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Bracelets of Pride and Guilt? An Experimental Test of Self-Signaling in Charitable Giving

  • Joël J. van der Weele
  • Ferdinand von Siemens
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    Self-signaling theory argues that individuals partly behave prosocially to create or uphold a favorable self-image. To study self-signaling theory, we investigate whether increasing self-image concerns affects charitable giving. In our experiment subjects divide 20 euros between themselves and a charity. Some randomly determined participants are induced to wear a bracelet for the two weeks following their donation decision. This bracelet serves as a private reminder of the experiment, thus making the donation more important for future self-image. If self-signaling plays a role, participants having to wear the bracelet should donate more. We do not find that wearing a bracelet has any effect on donation behavior. This holds although subjects having to wear the bracelet report that at the moment of making the donation, they expect to more often remember the experiment in the following two weeks.

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    Paper provided by CESifo Group Munich in its series CESifo Working Paper Series with number 4674.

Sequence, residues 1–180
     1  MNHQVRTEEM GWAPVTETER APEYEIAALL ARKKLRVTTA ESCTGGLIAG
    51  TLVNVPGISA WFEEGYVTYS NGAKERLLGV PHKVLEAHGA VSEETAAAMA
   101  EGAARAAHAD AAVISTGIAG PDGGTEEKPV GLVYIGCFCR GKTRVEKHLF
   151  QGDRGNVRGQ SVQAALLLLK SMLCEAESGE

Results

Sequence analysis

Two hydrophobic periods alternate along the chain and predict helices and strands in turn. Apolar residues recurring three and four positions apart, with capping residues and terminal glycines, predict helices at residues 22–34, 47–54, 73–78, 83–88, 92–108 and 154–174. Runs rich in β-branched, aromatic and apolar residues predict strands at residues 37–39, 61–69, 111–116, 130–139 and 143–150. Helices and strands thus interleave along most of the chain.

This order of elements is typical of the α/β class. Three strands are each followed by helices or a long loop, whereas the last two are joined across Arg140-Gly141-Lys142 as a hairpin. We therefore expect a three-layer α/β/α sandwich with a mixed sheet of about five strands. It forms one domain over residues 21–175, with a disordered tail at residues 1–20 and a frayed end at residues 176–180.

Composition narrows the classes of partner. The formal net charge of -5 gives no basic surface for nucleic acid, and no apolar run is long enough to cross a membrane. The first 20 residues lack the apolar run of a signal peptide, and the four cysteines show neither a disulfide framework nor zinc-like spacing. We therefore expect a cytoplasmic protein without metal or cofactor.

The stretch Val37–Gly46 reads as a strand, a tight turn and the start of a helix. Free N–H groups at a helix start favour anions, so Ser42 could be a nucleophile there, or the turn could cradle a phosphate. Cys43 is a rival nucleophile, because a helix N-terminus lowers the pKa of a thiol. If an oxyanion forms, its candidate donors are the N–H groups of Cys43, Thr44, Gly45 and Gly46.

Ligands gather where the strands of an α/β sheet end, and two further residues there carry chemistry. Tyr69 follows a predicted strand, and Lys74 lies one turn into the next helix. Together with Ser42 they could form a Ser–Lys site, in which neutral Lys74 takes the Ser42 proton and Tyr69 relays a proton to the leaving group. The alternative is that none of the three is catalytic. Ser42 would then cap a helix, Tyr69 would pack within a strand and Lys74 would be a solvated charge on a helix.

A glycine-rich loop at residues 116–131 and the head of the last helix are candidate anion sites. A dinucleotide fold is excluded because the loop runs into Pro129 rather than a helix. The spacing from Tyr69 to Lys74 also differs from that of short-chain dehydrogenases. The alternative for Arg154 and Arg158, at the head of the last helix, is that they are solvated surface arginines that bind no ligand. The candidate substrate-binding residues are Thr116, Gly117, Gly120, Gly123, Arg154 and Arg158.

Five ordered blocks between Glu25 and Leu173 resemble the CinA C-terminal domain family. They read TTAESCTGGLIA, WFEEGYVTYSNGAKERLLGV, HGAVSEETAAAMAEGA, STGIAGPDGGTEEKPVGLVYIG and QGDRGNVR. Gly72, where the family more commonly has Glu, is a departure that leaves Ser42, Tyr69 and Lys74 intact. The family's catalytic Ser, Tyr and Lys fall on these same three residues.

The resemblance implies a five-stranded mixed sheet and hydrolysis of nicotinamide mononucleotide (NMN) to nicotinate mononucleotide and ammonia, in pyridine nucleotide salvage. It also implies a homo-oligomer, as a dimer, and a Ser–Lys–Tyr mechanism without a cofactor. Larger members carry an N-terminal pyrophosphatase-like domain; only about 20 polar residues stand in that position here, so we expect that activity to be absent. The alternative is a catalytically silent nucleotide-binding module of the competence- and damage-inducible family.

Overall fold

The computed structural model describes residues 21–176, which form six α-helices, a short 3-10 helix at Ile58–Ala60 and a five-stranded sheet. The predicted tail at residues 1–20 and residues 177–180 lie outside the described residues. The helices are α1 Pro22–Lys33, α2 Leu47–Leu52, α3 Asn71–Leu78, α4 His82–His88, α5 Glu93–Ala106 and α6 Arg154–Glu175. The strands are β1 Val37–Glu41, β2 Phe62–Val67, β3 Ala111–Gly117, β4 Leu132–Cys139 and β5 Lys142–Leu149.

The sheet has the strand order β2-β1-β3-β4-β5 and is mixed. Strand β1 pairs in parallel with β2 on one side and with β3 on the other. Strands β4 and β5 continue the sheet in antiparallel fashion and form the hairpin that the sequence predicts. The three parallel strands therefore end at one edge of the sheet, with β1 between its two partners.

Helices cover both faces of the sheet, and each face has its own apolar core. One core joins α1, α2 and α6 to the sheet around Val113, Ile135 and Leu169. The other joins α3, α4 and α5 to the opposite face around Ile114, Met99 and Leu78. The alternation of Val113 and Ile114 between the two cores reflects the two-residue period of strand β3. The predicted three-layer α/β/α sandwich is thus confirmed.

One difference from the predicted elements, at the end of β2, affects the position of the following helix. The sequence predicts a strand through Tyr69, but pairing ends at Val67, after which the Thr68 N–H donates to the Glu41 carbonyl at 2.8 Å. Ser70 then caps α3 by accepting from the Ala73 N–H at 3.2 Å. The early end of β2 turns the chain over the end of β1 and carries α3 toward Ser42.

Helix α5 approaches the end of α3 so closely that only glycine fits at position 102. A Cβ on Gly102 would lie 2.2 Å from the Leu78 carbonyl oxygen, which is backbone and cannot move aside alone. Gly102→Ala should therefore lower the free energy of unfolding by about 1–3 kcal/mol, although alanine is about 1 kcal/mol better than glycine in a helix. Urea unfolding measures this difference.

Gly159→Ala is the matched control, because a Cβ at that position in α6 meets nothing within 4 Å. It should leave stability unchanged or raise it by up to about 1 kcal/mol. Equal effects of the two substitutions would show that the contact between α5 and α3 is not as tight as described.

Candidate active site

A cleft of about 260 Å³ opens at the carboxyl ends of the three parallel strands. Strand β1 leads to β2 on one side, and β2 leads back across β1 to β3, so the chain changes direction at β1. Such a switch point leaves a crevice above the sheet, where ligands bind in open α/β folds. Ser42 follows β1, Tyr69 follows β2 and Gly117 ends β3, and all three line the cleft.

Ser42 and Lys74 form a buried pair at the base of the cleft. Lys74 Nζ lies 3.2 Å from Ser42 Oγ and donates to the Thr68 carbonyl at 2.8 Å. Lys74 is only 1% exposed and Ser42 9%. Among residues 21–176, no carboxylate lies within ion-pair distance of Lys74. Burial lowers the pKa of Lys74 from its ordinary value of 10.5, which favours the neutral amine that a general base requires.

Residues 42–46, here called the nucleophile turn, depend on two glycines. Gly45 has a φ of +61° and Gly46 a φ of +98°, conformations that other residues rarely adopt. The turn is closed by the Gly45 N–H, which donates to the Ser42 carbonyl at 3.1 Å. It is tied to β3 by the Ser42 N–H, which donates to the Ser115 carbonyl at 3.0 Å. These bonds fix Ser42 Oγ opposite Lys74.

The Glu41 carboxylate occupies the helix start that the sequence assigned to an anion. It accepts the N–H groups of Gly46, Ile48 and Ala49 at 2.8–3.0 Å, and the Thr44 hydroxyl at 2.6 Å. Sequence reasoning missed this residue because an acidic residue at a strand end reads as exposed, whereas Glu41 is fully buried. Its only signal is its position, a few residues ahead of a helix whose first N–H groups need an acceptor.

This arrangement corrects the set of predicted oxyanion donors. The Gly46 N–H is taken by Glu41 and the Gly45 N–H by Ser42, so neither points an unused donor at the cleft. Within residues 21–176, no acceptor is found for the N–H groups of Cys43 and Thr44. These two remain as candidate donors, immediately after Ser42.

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    Date of creation: 2014
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    Handle: RePEc:ces:ceswps:_4674
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    1. Grossman, Zachary, 2010. "Self-Signaling Versus Social-Signaling in Giving," University of California at Santa Barbara, Economics Working Paper Series qt7320x2cp, Department of Economics, UC Santa Barbara.
    2. Bénabou, Roland & Tirole, Jean, 2003. "Incentives and Prosocial Behavior," IDEI Working Papers 389, Institut d'Économie Industrielle (IDEI), Toulouse, revised Jan 2006.
    3. Armin Falk, 2007. "Gift Exchange in the Field," Econometrica, Econometric Society, vol. 75(5), pages 1501-1511, 09.
    4. Benabou, R. & Tirole, J., 2001. "Willpower and Personal Rules," Papers 216, Princeton, Woodrow Wilson School - Public and International Affairs.
    5. Jason Dana & Roberto Weber & Jason Kuang, 2007. "Exploiting moral wiggle room: experiments demonstrating an illusory preference for fairness," Economic Theory, Springer, vol. 33(1), pages 67-80, October.
    6. Cueva, Carlos & Dessi, Roberta, 2012. "Charitable Giving, Self-Image and Personality," IDEI Working Papers 748, Institut d'Économie Industrielle (IDEI), Toulouse.
    7. Grossman, Zachary & van der Weele, Joël, 2013. "Self-Image and Strategic Ignorance in Moral Dilemmas," University of California at Santa Barbara, Economics Working Paper Series qt0bp6z29t, Department of Economics, UC Santa Barbara.
    8. Roland Bénabou & Jean Tirole, 2011. "Identity, Morals, and Taboos: Beliefs as Assets," The Quarterly Journal of Economics, Oxford University Press, vol. 126(2), pages 805-855.
    9. Cueva, Carlos & Dessi, Roberta, 2012. "Charitable Giving, Self-Image and Personality," TSE Working Papers 12-342, Toulouse School of Economics (TSE).
    10. Rachel Croson & Uri Gneezy, 2009. "Gender Differences in Preferences," Journal of Economic Literature, American Economic Association, vol. 47(2), pages 448-74, June.
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